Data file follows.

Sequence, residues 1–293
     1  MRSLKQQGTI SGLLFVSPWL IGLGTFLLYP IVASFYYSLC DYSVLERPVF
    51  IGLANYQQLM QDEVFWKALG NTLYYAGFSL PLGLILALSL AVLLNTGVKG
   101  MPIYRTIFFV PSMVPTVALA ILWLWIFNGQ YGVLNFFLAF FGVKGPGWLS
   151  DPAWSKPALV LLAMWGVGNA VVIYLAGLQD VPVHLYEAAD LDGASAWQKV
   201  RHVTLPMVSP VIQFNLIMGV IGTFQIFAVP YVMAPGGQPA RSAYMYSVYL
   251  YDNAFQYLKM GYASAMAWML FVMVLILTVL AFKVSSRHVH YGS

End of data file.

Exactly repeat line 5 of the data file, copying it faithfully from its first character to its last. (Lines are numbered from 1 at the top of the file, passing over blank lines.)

   151  DPAWSKPALV LLAMWGVGNA VVIYLAGLQD VPVHLYEAAD LDGASAWQKV